Sunday, February 21, 2010

The Recession Statistics

The St Louis FED has been providing data on the current Recession as compared to previous ones. They list the Business Cycle peaks as:

United States Business Cycle Peaks:

  • November 1948
  • July 1953
  • August 1957
  • April 1960
  • December 1969
  • November 1973
  • January 1980
  • July 1981
  • July 1990
  • March 2001
  • December 2007
They also state:

On November 28, 2008, the Business Cycle Dating Committee of the National Bureau of Economic Research (NBER) declared that a recession began in the United States in December 2007.1 This committee defines a recession as “a significant decline in economic activity spread across the economy, lasting more than a few months, normally visible in production, employment, real income, and other indicators.” The U.S. economy has experienced six recessions over the past 40 years. On average these recessions have lasted 10.7 months. The longest recessions— beginning in November 1973 and July 1981—each lasted 16 months. The shortest recession—beginning in January 1980—lasted only six months.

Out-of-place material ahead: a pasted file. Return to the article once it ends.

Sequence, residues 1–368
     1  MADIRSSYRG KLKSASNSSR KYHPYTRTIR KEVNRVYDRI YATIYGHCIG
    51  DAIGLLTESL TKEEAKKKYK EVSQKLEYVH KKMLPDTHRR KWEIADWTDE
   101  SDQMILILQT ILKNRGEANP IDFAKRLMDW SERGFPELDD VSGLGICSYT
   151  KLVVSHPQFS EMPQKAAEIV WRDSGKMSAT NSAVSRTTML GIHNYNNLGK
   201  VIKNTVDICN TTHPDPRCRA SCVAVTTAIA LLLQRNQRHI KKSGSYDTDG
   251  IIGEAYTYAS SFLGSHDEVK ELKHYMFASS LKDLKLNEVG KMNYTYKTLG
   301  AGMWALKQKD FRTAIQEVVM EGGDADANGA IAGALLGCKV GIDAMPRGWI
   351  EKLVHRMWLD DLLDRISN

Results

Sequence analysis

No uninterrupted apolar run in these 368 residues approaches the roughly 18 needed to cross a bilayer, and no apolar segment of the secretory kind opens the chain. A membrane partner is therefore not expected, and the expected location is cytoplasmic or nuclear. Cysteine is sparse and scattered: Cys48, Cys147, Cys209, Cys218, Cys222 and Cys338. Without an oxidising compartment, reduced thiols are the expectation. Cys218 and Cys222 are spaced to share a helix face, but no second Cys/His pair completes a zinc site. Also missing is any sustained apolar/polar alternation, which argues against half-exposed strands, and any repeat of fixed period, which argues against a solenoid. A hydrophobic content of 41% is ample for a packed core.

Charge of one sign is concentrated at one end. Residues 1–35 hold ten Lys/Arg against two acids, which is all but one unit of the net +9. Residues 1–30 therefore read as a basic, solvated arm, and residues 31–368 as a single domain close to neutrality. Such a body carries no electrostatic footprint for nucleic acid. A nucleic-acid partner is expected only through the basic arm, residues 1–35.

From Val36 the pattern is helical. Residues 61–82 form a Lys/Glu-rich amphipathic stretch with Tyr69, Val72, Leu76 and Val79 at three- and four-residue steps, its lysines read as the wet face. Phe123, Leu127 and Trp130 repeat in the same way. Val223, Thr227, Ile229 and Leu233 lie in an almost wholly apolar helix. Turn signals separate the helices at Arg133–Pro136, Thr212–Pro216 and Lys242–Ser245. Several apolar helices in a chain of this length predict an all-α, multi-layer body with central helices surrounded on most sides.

They provide data on several factors during Recessions, average, max and min. We show some of these below:

First, Personal Income has dropped after a significant increase and remains at low levels.

Second Industrial Production is also low. It is in fact lower than any prior recession. That should be quite worrying and is so since it shows a long drawn out period of low production is expected.

Third, employment has set and continues to set the lowest level of any recession on the index basis. This is the major concern since this drives the deficit to the greatest degree. There are lower taxes received and greater expenditures on unemployment support. This may also presage a fundamental structural change in the economy.

Fourth, the GDP has reached a new low but is recovering ever so slightly as shown below:

Fifth, exports are improving despite the unemployment and lower production on an indexed basis. Perhaps the dollar changes may put pressure on this recovery element in the near term.

Sixth, imports also show some improvement which is consistent with GDP growth. They are however still well below the peak.